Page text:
In recent days, and with varying degrees of euphemism, President Trump has been publicly denounced by John McCain, George W. Bush, Bob Corker, and Jeff Flake. These men share different convictions, but have converged on a common critique of the president: He is a bigot, a liar, a bully, and personally unstable. They all share a far more salient quality: none of them plans to run for office soon, or ever.
They are trying to navigate a political world in which direct criticism of Trump within the Republican Party is no longer possible. It is better that they are speaking out against Trump than if they didn’t. But the fact that they can do so only from retirement indicates how thoroughly Trump has captured the party, and how little resistance the Constitutional separation of powers has put up against his takeover.
In his dramatic resignation speech on the Senate floor, Flake holds up as the solution the separation of powers created in 1789:
I stand to say that we would better serve the country and better fulfill our obligations under the constitution by adhering to our Article 1 “old normal” — Mr. Madison’s doctrine of the separation of powers. This genius innovation which affirms Madison’s status as a true visionary and for which Madison argued in Federalist 51 — held that the equal branches of our government would balance and counteract each other when necessary. “Ambition counteracts ambition,” he wrote
Whatever its other successes, this aspect of the Constitution’s design is proving a failure. Ambition is not counteracting ambition. Members of the Legislative branch are able to oppose Trump only if they surrender their ambition. The Constitution did not anticipate the role that would be played by political parties, which has created a reality in which the Legislative and Executive branches are either set in implacable opposition to each other (if under split control or in which the former is a tool of the latter (if under unified control).
This stark reality was illustrated most recently today by John Cornyn, the Senate Majority Whip. Reporters asked Cornyn where he stands on an incipient bipartisan agreement to shore up the Obamacare exchanges. “I’m with the president,” Cornyn said. Asked where Trump was on it — the president has vacillated repeatedly — Cornyn threw up his hands.
The gesture may have been ironic, but it was no joke. Cornyn does not have an independent position on this policy question. He views his role as adopting whatever stance the president takes. His frustration is that he does not yet know what that stance is. Cornyn does not consider it part of his job to form an independent judgment on the policy. He sees his job as merely supporting Trump’s preferences. And the fact that Trump is too feeble-minded to form a stable preference — and that he is repeatedly swayed to the side of whoever speaks to him last — does not dissuade Cornyn to break free of his subservient role.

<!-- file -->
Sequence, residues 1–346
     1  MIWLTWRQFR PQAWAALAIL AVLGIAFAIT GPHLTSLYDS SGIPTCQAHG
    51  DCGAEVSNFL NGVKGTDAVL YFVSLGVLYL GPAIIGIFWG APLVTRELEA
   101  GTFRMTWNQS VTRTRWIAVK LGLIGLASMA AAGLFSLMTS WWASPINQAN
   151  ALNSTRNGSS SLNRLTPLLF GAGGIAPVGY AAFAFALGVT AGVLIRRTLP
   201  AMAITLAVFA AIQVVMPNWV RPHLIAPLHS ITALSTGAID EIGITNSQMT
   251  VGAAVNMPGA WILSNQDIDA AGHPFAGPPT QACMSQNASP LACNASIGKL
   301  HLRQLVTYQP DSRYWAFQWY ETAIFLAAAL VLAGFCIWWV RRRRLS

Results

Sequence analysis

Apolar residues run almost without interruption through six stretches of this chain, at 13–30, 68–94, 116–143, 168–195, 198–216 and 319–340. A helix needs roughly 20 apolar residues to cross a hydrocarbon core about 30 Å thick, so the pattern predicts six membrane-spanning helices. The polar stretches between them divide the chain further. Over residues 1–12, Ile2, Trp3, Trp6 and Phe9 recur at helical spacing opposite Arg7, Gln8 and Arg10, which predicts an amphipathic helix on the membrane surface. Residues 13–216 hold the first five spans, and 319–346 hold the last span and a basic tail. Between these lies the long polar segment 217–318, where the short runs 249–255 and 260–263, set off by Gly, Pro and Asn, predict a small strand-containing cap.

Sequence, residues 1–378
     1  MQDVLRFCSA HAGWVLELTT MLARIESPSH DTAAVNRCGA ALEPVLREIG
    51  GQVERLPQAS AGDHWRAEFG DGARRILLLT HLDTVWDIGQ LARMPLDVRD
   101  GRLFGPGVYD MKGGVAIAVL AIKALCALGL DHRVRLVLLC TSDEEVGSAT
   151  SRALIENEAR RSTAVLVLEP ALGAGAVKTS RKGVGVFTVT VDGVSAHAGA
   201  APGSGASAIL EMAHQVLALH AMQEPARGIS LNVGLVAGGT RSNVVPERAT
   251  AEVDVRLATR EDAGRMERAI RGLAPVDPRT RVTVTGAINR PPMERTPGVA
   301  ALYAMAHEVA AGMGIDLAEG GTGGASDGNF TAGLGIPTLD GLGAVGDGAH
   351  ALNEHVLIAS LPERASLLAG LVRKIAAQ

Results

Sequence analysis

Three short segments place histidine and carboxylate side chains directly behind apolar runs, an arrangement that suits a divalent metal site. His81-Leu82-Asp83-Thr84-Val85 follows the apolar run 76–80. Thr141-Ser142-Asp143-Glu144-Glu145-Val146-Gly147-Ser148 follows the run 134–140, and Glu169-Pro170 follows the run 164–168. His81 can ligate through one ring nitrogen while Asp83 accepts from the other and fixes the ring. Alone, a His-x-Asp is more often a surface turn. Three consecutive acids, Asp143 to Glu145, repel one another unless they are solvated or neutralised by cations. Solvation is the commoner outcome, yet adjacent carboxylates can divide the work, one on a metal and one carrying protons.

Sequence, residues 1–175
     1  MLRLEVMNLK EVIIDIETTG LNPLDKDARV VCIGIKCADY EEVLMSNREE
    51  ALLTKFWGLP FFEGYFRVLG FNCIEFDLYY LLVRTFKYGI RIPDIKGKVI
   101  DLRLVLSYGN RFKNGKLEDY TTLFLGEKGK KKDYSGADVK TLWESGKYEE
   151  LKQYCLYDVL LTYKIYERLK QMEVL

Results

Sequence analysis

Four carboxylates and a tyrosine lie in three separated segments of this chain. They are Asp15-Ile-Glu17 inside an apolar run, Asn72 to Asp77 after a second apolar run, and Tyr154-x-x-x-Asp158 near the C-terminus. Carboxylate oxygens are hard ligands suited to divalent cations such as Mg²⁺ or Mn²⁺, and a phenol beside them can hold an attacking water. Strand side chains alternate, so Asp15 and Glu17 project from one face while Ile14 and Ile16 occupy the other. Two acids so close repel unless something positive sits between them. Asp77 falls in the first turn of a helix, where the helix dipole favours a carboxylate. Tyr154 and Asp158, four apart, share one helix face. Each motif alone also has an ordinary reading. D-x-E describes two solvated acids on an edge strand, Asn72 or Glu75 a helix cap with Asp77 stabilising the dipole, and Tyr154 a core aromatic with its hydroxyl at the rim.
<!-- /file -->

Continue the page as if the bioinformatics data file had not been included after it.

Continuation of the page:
On the converse, the failure of republican government is also a triumph of sorts of democracy. Flake and Corker do not occupy an ideological faction, but they share in common an identification with their party’s elitist wing. Corker is a thoughtful foreign-policy specialist with a passion for fiscal responsibility. Flake is a fanatic small-government libertarian. A decade ago, he told Jeffrey Goldberg, “The Republican Party has always had three tenets — economic freedom, limited government, and individual responsibility,” apparently not realizing that these are all the same thing.
None of these passions are shared in a widespread way by Republican voters. The conservative identity of the modern party is a function of elites harnessing ethno-nationalist resentment, and using it to advance a policy agenda favored by conservative elites. At times they have succeeded (a series of tax cuts) and at times they have failed (attempting to privatize Social Security and reform immigration). But they largely declined to question the underlying cast of their party and their method of using one kind of political appeal to harvest votes, and using the power acquired thereby on another kind of policy altogether. Trump stole their base from them fair and square by appealing directly to what they wanted.
Republicans who are not retiring have — almost without exception — made their peace with the bully-in-chief. Some of them are actually angry at the dissenters. “Many GOP senators friendly to Corker are furious at his latest comments, making tax reform harder,” a “GOP, estab-friendly insider” tells Josh Kraushaar. The rest are simply going along. They’re blocking Democratic bills to force the release of Trump’s tax returns. They’re endorsing a corrupt bigot in Alabama who openly flouts the rule of law.
Flake expresses confidence that the hold of Trumpism over his party will not last. “This spell will pass,” he promises. In the meantime, it is taking deeper hold.